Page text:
I have collected a data from about 200 customers on their brand preference of 5 international fast food chain shops. Each customer was asked to rank all the 5 brands from highest to lowest (5 for the most preferred and 1 for the least preferred brand). The brand rankings will vary from one person to another.

I want to test if there are significant differences between the brand preferences.

At a fist glance ANOVA seems to be a good option. We could take the average of the ranks for each brand and then perform ANOVA. But the problem is that, the ranks can not be treated as scale, because the spaces among the ranks may not be equal. (e.g. Brand-2 and Brand-3 may differ a lot to a customer according to his preference than Brand-1 and Brand-2).

So, what can be the best alternative to test if the brand preferences are significantly different? I think I should adopt some non-parametric test like test of several medians instead of mean. What would be your suggestion regarding that? Will Kruskal-Wallis be a valid test here?

Would you please give me some indications as to how I should perform whatever you suggest in either R or in SPSS?


2 Answers 2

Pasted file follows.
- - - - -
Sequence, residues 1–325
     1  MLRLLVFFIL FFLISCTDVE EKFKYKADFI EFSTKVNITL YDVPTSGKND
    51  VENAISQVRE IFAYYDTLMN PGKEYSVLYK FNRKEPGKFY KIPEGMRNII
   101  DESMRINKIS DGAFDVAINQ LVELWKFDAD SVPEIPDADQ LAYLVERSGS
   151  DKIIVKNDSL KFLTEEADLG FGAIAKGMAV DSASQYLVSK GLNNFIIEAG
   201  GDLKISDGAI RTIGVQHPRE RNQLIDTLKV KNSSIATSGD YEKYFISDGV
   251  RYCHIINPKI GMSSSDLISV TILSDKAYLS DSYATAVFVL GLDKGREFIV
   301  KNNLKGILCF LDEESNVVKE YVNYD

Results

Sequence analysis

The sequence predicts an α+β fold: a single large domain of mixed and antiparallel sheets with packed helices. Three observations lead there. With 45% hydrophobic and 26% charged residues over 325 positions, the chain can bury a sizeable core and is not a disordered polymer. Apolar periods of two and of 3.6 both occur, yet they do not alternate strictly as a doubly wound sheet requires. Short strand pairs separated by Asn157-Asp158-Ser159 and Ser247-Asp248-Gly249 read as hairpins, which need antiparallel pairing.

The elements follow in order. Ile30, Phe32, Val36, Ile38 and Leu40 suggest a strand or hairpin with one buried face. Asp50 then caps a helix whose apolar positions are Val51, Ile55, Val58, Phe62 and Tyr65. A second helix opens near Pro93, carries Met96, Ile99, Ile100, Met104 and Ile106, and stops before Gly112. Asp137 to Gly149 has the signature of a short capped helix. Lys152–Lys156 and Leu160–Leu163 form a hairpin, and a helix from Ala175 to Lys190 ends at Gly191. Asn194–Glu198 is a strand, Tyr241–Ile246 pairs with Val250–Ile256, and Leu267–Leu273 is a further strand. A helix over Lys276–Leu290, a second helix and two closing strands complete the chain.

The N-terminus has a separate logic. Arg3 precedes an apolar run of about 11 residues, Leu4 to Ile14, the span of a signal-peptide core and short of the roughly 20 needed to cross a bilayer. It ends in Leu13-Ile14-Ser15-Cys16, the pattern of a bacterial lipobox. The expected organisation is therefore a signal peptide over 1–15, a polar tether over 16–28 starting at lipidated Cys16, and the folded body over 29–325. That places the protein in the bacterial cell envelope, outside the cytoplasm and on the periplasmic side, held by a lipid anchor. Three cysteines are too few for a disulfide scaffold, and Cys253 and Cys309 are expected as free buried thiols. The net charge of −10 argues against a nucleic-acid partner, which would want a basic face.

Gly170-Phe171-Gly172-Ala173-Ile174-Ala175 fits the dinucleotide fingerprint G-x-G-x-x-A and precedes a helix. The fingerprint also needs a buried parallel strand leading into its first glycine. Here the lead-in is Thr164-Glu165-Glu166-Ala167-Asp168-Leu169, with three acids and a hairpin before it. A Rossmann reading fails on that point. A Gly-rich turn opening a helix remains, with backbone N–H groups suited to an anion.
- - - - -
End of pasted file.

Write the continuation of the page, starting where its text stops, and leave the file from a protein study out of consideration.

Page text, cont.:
The answer is Friedman test. It is nonparametric and as you can see on Wikipedia, there is also very similar example as yours ("n wine judges each rate k different wines. Are any wines ranked consistently higher or lower than the others?").

See R package pgirmess and friedman.test() function that takes datamatrix as input. Note that if your null hypothesis is rejected, friedmanmc() function does post hoc analysis.

Kruskal-Wallis test is not appropriate in case of repeated measures.

  • $\begingroup$ +1 for Friedman test, I use it often with the Nemenyi post-hoc test and plot it as critical distance diagram. (I have an R script for this, I'm searching for it right now) $\endgroup$
    – Sentry
    Commented Oct 10, 2012 at 9:31

There are two solutions much better than Friedman.

  1. ART (Aligned-Rank Transform) ANOVA with Error term specified
  2. Wald-Type Statistics

Both allow for more than one categorical covariate and interactions between them.


Your Answer

By clicking “Post Your Answer”, you agree to our terms of service and acknowledge you have read our privacy policy.

Not the answer you're looking for? Browse other questions tagged or ask your own question.